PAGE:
Battambang is the capital city of Battambang province in north western Cambodia.
Founded in the 11th century by the Khmer Empire, Battambang is well known for being the leading rice-producing province of the country. For nearly 100 years, it was a major commercial hub and provincial capital of Siamese province of Inner Cambodia (1795-1907), though it was always populated by Khmer with a mix of ethnic Vietnamese, Lao, Thai and Chinese. Still today Battambang is the main hub of the Northwest connecting the entire region with Phnom Penh and Thailand, and as such it’s a vital link to Cambodia.
The city is situated by the Sangkae River, a tranquil, small body of water that winds its way through Battambang Province providing its nice picturesque setting. As with much of Cambodia, the French Colonial architecture is an attractive bonus of the city. It is home to some of the best preserved French colonial architecture in the country.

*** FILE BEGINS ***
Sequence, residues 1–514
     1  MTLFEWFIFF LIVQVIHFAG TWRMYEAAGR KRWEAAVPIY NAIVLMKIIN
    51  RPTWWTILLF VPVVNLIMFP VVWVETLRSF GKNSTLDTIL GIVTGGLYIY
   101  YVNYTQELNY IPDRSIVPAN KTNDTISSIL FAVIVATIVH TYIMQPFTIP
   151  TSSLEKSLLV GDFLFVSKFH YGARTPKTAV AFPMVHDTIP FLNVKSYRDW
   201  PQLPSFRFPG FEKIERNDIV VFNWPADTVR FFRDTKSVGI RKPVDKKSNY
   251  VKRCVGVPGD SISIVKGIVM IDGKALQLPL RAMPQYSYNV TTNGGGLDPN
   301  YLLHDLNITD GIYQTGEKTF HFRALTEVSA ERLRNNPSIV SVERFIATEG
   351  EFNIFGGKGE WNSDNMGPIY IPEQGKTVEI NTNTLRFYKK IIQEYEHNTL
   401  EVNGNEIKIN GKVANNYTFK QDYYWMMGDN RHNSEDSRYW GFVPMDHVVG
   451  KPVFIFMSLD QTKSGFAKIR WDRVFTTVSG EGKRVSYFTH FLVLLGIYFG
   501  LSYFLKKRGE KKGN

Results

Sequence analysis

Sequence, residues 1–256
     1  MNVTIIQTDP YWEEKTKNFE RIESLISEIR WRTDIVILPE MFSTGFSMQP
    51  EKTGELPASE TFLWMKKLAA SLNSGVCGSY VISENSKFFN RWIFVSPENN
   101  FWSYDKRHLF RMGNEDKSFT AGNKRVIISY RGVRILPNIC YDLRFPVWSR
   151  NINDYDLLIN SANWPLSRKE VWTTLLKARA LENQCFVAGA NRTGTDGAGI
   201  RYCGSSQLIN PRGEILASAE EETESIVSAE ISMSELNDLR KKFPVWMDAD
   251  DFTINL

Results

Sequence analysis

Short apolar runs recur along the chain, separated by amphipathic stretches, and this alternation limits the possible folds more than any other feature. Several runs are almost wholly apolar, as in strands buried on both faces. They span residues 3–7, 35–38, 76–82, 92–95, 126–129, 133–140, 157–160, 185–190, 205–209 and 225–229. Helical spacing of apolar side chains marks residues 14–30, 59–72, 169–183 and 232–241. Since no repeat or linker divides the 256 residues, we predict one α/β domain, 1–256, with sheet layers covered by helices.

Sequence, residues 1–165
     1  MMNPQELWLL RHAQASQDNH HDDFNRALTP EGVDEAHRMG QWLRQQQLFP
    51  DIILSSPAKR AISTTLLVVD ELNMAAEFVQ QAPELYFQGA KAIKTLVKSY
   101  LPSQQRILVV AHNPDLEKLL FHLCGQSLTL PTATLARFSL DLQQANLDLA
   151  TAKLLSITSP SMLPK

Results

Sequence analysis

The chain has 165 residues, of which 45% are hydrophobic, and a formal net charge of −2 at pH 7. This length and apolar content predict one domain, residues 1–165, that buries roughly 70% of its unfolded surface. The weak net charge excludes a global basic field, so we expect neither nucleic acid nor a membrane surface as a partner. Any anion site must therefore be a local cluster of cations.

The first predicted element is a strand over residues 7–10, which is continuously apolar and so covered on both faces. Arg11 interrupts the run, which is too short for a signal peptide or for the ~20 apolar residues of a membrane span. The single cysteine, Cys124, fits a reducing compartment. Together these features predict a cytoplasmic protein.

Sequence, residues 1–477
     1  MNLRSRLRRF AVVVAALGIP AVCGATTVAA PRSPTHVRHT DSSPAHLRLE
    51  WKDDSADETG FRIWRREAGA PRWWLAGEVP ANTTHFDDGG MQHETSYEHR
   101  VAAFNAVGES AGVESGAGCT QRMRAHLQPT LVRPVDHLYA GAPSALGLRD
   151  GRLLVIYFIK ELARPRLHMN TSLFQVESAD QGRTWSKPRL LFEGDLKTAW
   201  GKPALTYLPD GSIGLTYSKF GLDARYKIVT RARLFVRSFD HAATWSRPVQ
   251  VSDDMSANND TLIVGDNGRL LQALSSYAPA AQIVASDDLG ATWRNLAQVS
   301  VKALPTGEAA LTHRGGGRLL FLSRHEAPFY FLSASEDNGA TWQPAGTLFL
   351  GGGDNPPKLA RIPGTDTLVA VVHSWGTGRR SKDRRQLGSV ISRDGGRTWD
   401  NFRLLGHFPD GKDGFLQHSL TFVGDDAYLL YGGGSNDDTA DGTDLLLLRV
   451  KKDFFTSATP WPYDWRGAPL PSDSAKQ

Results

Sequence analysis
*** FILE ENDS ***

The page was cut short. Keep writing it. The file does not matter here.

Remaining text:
Banan Temple located some 25 km south of Battambang City, has been likened to a smaller version of the more imposing Angkor Wat. Built in the 10th century, it is very popular at weekends with Khmer families out on picnics.
Ek Phnom Wat
Wat Ek Phnum is a partly collapsed 11th-century temple situated 11 km north of Battambang. The temple measures 52m by 49m and is surrounded by the remains of a laterite wall and an ancient baray (reservoir).
The trains have low fares, are frequent and relatively fast, so are popular despite their rudimentary design, lack of brakes, the state of the rails (often broken or warped) and lack of any formal operating regime.
The Sneung temples are devided into two parts - East Sneung and West Sneung. The East Sneung temple is located in Sneung Pagoda, Sneung Commune, Banan Distric, about 22kilometers soutwest of the provincial town.